LEADERS and MANAGERS & What Is The Difference (Part 2) by John Kotter

Commentary by Dr. Whitesel: “One of the first exercises in my leadership course is to have students study the difference between leadership and management. As this article by John Kotter points out, both are required in a successful leader. Yet students seem to prefer studying leadership and overlook the critical ability to put leadership ideas into action by developing management skills too. Here in another seminal article on the importance of leadership and management, John Kotter not only talks about the difference but also how good leaders must develop both.”

Read more at … https://hbr.org/2001/12/what-leaders-really-do/ar/1

LEADERS and MANAGERS & What Is the Difference?

Commentary by Dr. Whitesel: “This seminal article explains the difference between leaders and managers … and why you need both. Based upon 80,000 interviews with managers and leaders by the Gallup organization, this research shows leadership deals with setting the vision, while management is helping people develop so they can work together and reach that vision. The church has a lot of leaders – but few managers, so that there’s a lot of visions – without clear plans to attain them. Below are several quotes that define the difference between leadership and management.”

LEADERS: “Great leaders discover what is universal and capitalize on it. Their job is to rally people towards a better future. Leaders can succeed in this only when they can cut through differences of race, sex, age, nationality and personality, and using stories and celebrated heroes, tap into those very few needs we all share.”

MANAGERS: “Managers will succeed only when they can identify and deploy the differences among people, challenging each employee to excel in his or her own way.”

You can be BOTH: “That doesn’t mean a leader can’t be a manager or vice a versa. But to excel at one or both you must be aware of the very different skills each role requires…”

Click on the thumbnails to begin reading…

Read more at … http://hbr.org/2005/03/what-great-managers-do/ar/1

LEADERSHIP & Skills Ranked by Most Needed

FIGURE Leadership Skills Ranked by Most Needed

Read more at … http://blogs.hbr.org/2014/07/the-skills-leaders-need-at-every-level/

STRATEGY & Vision / Mission by Peter Drucker

Commentary by Dr. Whitesel: “Peter Drucker in his book Non-profit Management emphasizes how strategy and vision must both be in place for effective ministry.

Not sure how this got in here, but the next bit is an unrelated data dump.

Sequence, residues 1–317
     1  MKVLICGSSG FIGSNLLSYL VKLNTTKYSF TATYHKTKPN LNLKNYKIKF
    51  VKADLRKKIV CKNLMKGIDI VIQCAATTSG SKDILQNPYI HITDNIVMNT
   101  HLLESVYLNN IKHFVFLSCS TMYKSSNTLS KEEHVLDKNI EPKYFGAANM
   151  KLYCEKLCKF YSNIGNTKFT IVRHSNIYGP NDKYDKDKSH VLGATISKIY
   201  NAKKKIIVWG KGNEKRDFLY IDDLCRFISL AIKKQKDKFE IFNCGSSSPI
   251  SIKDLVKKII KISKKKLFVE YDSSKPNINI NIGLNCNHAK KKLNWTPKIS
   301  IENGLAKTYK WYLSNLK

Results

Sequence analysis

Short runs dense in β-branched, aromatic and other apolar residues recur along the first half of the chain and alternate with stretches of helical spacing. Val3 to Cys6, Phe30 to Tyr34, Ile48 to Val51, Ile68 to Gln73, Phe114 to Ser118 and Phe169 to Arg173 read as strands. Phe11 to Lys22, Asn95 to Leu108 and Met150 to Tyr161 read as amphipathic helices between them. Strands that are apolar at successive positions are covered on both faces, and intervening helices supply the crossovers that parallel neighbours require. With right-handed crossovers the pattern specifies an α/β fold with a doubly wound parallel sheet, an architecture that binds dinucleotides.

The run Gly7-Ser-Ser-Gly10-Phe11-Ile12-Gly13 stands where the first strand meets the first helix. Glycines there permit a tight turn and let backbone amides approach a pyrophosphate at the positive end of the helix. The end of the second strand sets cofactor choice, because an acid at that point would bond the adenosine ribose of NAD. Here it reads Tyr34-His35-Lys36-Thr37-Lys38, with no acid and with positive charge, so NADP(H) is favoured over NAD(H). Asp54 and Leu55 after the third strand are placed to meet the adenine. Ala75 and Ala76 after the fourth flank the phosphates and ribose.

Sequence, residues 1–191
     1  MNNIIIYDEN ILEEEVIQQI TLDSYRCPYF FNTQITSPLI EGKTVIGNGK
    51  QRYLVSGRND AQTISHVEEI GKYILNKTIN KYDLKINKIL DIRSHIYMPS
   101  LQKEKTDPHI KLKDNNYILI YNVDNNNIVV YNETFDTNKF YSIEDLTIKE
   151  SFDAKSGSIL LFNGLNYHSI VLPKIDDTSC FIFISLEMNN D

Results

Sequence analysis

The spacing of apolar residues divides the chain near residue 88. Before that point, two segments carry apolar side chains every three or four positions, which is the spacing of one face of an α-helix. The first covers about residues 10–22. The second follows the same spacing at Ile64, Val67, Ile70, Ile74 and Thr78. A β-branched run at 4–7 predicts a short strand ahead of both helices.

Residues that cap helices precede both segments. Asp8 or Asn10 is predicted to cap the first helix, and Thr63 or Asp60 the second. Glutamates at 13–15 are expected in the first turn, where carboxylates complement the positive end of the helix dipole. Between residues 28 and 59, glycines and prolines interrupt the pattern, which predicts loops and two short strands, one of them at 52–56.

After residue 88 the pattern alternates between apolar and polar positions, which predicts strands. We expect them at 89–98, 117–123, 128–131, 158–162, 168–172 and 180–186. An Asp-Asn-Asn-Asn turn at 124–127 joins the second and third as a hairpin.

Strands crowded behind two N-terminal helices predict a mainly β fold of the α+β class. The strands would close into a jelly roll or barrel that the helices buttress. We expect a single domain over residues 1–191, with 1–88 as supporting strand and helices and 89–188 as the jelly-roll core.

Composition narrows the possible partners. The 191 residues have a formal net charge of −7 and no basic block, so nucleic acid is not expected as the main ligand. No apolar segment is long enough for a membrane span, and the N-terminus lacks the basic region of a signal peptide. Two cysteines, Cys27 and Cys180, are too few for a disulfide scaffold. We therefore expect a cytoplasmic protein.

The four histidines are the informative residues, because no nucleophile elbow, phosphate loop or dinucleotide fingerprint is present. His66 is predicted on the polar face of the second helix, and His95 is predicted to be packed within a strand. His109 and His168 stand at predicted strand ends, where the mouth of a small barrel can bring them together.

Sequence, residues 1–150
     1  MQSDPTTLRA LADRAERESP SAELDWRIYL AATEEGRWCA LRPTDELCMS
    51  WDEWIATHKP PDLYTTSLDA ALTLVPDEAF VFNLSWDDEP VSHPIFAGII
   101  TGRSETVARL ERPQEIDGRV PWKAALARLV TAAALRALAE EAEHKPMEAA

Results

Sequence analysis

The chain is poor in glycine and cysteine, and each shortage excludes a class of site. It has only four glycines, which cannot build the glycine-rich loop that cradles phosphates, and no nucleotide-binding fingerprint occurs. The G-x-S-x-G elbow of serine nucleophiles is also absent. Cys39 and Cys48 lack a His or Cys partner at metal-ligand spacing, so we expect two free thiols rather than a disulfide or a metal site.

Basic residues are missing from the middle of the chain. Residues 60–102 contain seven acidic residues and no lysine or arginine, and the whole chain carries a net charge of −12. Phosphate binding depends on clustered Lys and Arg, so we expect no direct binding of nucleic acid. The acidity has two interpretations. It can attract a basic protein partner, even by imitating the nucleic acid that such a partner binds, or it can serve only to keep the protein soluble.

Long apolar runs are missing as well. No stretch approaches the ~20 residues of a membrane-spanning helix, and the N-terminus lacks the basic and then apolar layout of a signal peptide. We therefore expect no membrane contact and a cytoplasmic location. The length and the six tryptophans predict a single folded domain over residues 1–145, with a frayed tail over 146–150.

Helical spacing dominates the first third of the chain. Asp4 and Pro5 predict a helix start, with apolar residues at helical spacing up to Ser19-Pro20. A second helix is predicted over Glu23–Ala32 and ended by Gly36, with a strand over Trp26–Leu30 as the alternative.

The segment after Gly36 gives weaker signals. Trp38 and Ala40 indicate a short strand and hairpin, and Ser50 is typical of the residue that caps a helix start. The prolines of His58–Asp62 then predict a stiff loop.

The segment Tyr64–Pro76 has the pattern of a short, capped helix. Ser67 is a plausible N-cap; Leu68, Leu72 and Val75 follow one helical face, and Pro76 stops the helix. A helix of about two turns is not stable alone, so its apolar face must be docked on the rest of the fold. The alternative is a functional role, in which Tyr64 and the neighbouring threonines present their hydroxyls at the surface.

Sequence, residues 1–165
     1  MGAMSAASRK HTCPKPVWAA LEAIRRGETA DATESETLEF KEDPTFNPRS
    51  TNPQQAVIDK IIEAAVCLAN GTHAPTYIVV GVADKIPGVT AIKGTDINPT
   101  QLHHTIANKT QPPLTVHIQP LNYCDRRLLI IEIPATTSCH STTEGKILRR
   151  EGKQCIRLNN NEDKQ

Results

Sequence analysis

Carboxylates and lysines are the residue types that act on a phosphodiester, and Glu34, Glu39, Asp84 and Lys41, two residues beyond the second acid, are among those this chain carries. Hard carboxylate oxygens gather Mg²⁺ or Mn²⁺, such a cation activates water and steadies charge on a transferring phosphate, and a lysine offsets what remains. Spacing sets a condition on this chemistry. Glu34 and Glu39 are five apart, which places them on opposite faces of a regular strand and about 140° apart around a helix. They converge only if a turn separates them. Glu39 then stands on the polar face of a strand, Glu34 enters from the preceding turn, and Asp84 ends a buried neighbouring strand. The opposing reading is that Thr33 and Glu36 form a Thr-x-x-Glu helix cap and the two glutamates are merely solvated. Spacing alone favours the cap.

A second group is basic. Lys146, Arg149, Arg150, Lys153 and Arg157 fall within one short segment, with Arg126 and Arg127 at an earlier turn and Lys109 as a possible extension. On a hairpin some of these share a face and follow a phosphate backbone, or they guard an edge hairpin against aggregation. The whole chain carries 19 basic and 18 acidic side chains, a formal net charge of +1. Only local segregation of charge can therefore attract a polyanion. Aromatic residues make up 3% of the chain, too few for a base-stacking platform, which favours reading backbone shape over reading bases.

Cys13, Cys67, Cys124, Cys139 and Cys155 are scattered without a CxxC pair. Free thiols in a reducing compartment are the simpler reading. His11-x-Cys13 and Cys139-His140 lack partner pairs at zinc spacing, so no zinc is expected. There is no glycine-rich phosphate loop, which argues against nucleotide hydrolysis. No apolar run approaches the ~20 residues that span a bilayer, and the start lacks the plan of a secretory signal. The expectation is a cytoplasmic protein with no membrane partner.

But, I have noticed that church leaders often wax poetic on mission/vision – yet spend little time conducting the basics of strategic planning such as a SWOT analysis.

This week I was joined by nationally-known pastor Nelson Searcy on my annual tour of England on the “Land and Leadership of Wesley” tour. I am always amazed how Nelson has such a good mix of vision (strategic leadership) and tactical leadership (a leadership ability to make specific fiscal assessments and to craft concrete goals. Did you know John Wesley was the same way?

It seems like churches are often full of dreams but with few concrete plans to get there. This is probably because most pastors are ‘strategic leaders.’ Now, there is nothing wrong if a lead pastor is a strategic leader (e.g. ‘visionary’ in orientation) … as long as that pastor partners with a ‘tactical’ leader to form an effective team.

For examples of ‘strategic, tactical and operational leaders’ (plus a short quiz to discover who in your team is which) see Preparing for Change Reaction (Whitesel, 2010).

I also wrote a helpful chapter on strategic management in The Church Leader’s MBA (Ohio Christian Univ. Press, 2009). There I explained how churches can easily conduct the basics of strategic planning: a SWOT analysis.

Here is the quote by Peter Drucker that sums up the importance of strategic leadership:”

Peter Drucker states, “Good intentions don’t move mountains; bulldozers do. In non-profit management, the mission and the plan – if that’s all there is – are the good intentions. Strategies are the bulldozers. They convert what you want to do into accomplishments… St. Augustine said one prays for miracles but works for results.” (Drucker, 1990).